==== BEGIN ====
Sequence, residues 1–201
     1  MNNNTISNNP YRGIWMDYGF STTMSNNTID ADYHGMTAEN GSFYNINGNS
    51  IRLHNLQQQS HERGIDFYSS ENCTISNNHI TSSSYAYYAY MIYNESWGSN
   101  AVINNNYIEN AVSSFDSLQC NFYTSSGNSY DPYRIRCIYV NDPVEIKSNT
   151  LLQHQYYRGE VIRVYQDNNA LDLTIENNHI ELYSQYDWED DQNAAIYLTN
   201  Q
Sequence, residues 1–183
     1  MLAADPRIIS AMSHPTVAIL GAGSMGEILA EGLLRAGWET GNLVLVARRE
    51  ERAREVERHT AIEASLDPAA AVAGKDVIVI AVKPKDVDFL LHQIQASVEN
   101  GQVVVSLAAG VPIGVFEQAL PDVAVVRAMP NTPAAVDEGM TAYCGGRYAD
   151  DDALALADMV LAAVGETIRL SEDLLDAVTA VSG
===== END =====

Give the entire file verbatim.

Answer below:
Sequence, residues 1–201
     1  MNNNTISNNP YRGIWMDYGF STTMSNNTID ADYHGMTAEN GSFYNINGNS
    51  IRLHNLQQQS HERGIDFYSS ENCTISNNHI TSSSYAYYAY MIYNESWGSN
   101  AVINNNYIEN AVSSFDSLQC NFYTSSGNSY DPYRIRCIYV NDPVEIKSNT
   151  LLQHQYYRGE VIRVYQDNNA LDLTIENNHI ELYSQYDWED DQNAAIYLTN
   201  Q
Sequence, residues 1–183
     1  MLAADPRIIS AMSHPTVAIL GAGSMGEILA EGLLRAGWET GNLVLVARRE
    51  ERAREVERHT AIEASLDPAA AVAGKDVIVI AVKPKDVDFL LHQIQASVEN
   101  GQVVVSLAAG VPIGVFEQAL PDVAVVRAMP NTPAAVDEGM TAYCGGRYAD
   151  DDALALADMV LAAVGETIRL SEDLLDAVTA VSG